The Composer As Generalist
As the coming school year lumbers over the horizon, I’ve been giving some thought to the future of composition as an academic discipline. The current dicey economic climate—and the growing attitude in the public sphere that educational institutions should operate by the same principles that private businesses obey—certainly don’t seem to bode well for music programs: Compared to students in other disciplines, most music students require a hefty sack of expensive one-on-one faculty contact hours. I haven’t seen the latest figures on graduates employed within the field, but I can’t imagine they’d be very encouraging. And I’m here to tell you that even if your undergraduate degree in composition should lead to a master’s degree and eventually a doctorate, the labor market remains treacherous, especially for graduates whose teaching experience and coursework are highly specialized. (That’s not to say that students with composition degrees have been duped—we knew what we were getting into, after all.)
But even if composition degree programs function inefficiently (from the university’s point of view) and don’t adequately prepare graduates for the realities of the workforce (from the graduate’s point of view), the culprit, ultimately, may not be composition as a discipline but rather specialization as an educational strategy in schools of music. Envision a music school without a dedicated composition program but in which composition training is required for every student, along with classes in music theory, musicology, aesthetics, and of course performance (lessons, ensembles, etc.)—a school that would produce generalists rather than specialists.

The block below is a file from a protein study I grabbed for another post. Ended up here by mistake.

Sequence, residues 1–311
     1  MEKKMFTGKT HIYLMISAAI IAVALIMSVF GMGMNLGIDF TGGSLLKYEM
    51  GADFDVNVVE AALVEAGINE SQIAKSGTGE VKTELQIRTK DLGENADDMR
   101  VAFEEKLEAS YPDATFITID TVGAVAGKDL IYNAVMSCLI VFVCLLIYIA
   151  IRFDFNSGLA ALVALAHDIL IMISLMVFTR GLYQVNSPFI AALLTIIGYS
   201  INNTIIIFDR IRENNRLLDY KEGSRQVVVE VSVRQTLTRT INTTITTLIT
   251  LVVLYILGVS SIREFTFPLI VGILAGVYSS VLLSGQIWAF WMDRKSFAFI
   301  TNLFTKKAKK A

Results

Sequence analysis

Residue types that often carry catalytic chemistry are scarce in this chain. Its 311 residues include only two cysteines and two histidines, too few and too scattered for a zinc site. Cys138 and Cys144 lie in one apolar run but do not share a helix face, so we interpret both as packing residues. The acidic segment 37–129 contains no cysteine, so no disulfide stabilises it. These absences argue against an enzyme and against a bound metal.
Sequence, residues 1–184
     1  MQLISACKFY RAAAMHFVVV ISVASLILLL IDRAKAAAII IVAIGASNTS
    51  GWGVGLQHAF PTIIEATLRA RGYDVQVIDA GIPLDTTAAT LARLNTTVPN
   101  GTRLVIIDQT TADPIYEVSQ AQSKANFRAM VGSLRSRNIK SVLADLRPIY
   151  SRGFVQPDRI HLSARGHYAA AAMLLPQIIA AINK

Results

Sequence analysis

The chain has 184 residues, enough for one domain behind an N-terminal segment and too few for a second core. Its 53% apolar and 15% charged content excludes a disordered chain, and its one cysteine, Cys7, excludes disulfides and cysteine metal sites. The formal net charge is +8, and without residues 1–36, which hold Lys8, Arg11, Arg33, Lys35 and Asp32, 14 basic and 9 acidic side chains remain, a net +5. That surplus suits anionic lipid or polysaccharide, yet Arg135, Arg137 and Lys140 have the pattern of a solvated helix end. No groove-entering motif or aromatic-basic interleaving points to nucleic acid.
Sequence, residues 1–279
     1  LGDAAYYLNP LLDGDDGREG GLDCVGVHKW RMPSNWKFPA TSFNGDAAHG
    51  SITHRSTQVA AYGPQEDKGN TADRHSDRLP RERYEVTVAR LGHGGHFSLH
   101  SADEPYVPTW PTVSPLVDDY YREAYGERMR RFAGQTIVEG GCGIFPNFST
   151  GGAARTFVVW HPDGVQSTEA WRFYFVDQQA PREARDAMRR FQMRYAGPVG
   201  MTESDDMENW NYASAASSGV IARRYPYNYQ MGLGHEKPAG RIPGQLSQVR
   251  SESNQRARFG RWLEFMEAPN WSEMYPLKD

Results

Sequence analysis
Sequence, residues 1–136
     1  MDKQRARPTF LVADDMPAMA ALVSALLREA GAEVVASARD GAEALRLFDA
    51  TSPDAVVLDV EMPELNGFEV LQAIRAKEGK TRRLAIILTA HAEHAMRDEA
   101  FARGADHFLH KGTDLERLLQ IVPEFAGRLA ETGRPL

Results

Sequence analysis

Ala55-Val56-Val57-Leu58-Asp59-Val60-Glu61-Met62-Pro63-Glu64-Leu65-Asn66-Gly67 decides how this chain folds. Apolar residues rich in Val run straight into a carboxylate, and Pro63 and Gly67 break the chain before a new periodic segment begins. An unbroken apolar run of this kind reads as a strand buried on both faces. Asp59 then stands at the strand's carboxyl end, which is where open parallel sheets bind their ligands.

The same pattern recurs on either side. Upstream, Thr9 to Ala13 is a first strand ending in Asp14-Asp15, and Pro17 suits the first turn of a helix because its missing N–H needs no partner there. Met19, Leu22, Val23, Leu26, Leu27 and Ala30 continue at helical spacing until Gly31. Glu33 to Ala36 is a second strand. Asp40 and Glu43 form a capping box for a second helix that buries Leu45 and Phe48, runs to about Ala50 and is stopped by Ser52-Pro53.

Naturally this arrangement would prohibit the sustained, focused study of composition (or, for that matter, of an instrument) that a degree program typically requires. However, the question of whether spending four hours a day for several years in the practice room or hunched over manuscript paper is a valuable use of one’s time in the 21st century remains open. As you’ll know if you’ve read my posts on education here before, my ideal undergrad music program is a harrowing gauntlet from start to finish; it should include developing technical expertise in a performance discipline, familiarity with music technology, extensive writing, even more extensive reading, and of course classes from other areas that will hopefully provide the student with the mental apparatus to serve as a good citizen and cultural contributor. The only thing that’s keeping composition from occupying the same core position that music theory now holds in music curricula—a sequence of courses that all music students are required to take—is the traditional division of labor that’s characterized Western concert music, one that owes ultimately to a particular notion of the work-object. For a number of reasons, that notion (and the social structures predicated on it) seem poised to shift; maybe music curricula should shift too.